The United Nations Conference on Trade and Development (UNCTAD) on 21 June 2016 released a report entitled World Investment Report 2016 – Investor Nationality: Policy Challenges.
The report examines international production by multinational enterprises (including sales, exports, employment and value added), as well as their ownership structures and control of affiliates.
In a novel analysis, the report focuses on how policymakers can distinguish between "domestic" and "foreign" companies in a globalized economy and provides with a new framework for handling ownership issues in 21st century investment policymaking.
While the USA surpassed Hong Kong and China in terms of FDI inflows in 2015 with 380 billion US dollars, India continues to be at the 10th position with 44 billion US dollars.
• FDI inflows: Top 10 countries in terms of FDI inflows in decreasing order - The USA, China, Hong Kong, Ireland, Netherlands, Switzerland, Singapore, Brazil, Canada and India.
• Ireland and Switzerland registered considerable progress in 2015. While Ireland attracted additional 71 billion US dollars in 2015 compared to 2014, in the case of Switzerland it was 62 billion US dollars
• Global investment trends: The flows jumped by 38 per cent to 1.76 trillion US dollars, their highest level since the global economic and financial crisis of 2008–2009.
• Inward FDI flows to developed economies almost doubled to 962 billion US dollars. As a result, developed economies tipped the balance back in their favour with 55 per cent of global FDI, up from 41 per cent in 2014.
• FDI flows are expected to decline by 10-15 per cent in 2016, reflecting the fragility of the global economy and persistent weakness of aggregate demand, sluggish growth in some commodity exporting countries.
• Regional investment trends: Developing Asia saw FDI inflows increase by 16 per cent to 541 billion US dollars – a new record. The significant growth was driven by the strong performance of East and South Asian economies.
• More than 40 per cent of foreign affiliates worldwide have multiple “passports”. These affiliates are part of complex ownership chains with multiple cross-border links involving on average three jurisdictions.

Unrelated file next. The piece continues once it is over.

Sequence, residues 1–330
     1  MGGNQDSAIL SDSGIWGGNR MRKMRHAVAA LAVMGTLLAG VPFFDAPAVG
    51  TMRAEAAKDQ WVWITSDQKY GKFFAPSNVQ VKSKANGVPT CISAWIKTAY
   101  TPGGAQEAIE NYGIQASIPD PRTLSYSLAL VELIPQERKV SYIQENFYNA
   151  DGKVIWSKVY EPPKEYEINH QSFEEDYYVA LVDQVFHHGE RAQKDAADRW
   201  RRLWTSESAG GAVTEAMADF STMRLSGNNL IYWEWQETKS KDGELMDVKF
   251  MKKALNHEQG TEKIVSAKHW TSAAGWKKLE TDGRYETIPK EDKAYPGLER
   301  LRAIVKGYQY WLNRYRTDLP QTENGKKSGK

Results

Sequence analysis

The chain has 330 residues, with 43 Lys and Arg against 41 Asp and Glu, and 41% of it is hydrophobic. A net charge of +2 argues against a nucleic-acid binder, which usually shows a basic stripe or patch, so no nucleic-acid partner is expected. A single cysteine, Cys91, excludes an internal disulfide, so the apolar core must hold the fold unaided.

• “Multiple passport affiliates” are the result of indirect foreign ownership, transit investment through third countries, and round-tripping.
• These types of affiliates are much more common in the largest Multi National Enterprises (MNEs). 60 per cent of their foreign affiliates have multiple cross-border ownership links to the parent company.
• The larger the MNEs, the greater is the complexity of their internal ownership structures. The top 100 MNEs in UNCTAD’s Transnationality Index have on average more than 500 affiliates each, across more than 50 countries.
• The blurring of investor nationality has made the application of rules and regulations on foreign ownership more challenging.
• Policymakers in some countries have developed a range of mechanisms to safeguard the effectiveness of foreign ownership rules, including anti-dummy laws, general anti-abuse rules to prevent foreign control, and disclosure requirements.
• The report advised the policy makers to find a balance between liberalization and regulation in pursuing the ultimate objective of promoting investment for sustainable development.
• Globally, India was at the top tenth position in terms of FDI inflows in 2015. Compared to 35 billion US dollars in 2014, it received 44 billion US dollars of investments in 2015.
• India’s and Bangladesh’s FDI performance pushed inflows to South Asia to 50 billion US dollars, an increase of 22 per cent from 2014.
• India became the fourth largest recipient of investment in developing Asia.
• Outward FDI from India, South Asia’s dominant investor, dropped by more than one third which resulted in an overall 36 per cent decline of outflows from the region to 8 billion US dollars in 2015.
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